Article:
Though nothing can be immortall, which mortals make; yet, if men had the use of reason they pretend to, their Commowealths might be secured, at least, from perishing by internall diseases. For by the nature of their Institution, they are designed to live, as long as Man-kind, or as the Lawes of Nature, or as Justice it selfe, which gives them life.
Therefore when they come to be dissolved, not by externall violence, but intestine disorder, the fault is not in men, as they are the Matter; but as they are the Makers, and orderers of them. For men, as they become at last weary of irregular justling, and hewing one another, and desire with all their hearts, to conforme themselves into one firme and lasting edifice; so for want, both of the art of making fit Laws, to square their actions by, and also of humility, and patience, to suffer the rude and combersome points of their present greatnesse to be taken off, they cannot without the help of a very able Architect, be compiled, into any other than a crasie building, such as hardly lasting out their own time, must assuredly fall upon the heads of their posterity.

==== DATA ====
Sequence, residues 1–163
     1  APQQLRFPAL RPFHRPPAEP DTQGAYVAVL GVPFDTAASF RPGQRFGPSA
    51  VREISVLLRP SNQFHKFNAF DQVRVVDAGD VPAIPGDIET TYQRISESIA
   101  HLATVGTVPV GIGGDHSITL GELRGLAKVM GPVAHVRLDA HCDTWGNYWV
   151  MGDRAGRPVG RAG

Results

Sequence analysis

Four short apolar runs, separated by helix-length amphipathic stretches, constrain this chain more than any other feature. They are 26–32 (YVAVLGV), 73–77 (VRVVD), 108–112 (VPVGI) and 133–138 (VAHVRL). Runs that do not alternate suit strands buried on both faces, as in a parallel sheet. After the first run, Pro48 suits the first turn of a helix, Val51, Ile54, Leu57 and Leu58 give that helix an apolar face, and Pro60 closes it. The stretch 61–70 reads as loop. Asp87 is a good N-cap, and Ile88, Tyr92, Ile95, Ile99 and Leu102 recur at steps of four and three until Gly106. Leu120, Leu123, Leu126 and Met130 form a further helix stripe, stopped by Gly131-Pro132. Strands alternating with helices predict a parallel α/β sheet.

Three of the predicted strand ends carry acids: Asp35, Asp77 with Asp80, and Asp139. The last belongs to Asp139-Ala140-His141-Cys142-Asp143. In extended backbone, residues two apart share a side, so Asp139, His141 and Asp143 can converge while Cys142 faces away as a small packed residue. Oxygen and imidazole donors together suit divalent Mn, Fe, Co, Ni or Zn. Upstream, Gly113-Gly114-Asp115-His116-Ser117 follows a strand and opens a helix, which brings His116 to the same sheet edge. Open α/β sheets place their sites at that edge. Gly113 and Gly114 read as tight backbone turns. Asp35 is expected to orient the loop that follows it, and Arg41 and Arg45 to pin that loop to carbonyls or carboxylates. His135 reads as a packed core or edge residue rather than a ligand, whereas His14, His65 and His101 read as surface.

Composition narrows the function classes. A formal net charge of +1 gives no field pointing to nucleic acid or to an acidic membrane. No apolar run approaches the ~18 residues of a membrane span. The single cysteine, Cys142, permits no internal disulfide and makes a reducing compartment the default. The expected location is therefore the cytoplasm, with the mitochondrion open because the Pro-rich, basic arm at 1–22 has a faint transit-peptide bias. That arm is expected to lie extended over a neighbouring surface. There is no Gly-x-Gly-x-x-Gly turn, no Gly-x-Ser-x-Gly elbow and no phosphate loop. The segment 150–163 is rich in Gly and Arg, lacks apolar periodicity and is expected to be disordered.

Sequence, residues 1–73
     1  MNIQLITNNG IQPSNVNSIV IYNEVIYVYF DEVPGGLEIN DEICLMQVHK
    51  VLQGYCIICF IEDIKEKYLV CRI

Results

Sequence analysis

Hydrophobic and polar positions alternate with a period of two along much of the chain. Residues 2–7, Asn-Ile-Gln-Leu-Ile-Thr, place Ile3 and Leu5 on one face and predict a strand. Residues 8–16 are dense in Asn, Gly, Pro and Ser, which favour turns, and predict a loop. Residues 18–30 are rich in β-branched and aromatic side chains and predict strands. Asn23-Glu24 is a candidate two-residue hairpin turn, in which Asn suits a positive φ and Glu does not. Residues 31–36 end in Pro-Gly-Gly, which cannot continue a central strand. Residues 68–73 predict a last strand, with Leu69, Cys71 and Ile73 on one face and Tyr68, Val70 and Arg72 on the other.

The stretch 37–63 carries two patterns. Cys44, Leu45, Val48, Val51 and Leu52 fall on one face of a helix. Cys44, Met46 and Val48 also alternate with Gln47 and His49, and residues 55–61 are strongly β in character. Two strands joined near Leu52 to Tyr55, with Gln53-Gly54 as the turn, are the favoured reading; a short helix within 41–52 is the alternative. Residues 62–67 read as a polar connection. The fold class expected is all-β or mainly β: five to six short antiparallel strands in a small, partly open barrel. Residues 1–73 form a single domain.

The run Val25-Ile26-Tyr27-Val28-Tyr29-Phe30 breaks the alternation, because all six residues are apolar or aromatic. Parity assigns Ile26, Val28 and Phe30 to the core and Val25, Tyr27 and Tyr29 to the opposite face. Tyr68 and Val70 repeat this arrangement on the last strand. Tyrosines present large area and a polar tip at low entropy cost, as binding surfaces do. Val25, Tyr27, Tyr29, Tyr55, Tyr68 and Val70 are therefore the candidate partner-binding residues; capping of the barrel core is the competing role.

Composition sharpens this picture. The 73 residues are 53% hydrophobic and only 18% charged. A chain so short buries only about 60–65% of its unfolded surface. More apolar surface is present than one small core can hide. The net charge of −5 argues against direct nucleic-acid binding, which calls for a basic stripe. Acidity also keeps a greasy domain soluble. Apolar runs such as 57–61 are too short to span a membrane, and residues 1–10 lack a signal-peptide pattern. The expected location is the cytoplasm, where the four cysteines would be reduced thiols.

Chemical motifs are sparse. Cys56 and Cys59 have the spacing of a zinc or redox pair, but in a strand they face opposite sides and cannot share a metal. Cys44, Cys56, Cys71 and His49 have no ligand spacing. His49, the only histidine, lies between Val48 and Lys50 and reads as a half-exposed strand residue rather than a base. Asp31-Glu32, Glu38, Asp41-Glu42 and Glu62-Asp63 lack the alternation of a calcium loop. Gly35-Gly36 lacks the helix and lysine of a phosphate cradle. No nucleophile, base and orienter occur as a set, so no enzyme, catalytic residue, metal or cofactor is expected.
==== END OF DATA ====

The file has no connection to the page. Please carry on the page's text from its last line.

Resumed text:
Amongst the Infirmities therefore of a Common-wealth, I will reckon in the first place, those that arise from an Imperfect Institution, and resemble the diseases of a naturall body, which proceed from a Defectuous Procreation.
- To the Extinction of their Democraty
- Of the natural Condition of Mankind as concerning their Felicity and Misery
- Things they won’t do with the British Constitution
- A cabal of its enemies
- The Long March: conspiracy or accident?
- The Noble Savage, Caliban, and Hobbes
- The broken fence
- Quarrel of a dying empire poisoning modernity
- By Thomas Hobbes:
- By Anthony Burgess:
- By H G Wells:
- By Aldous Huxley:
- By George Orwell:
- By Jordan Peterson: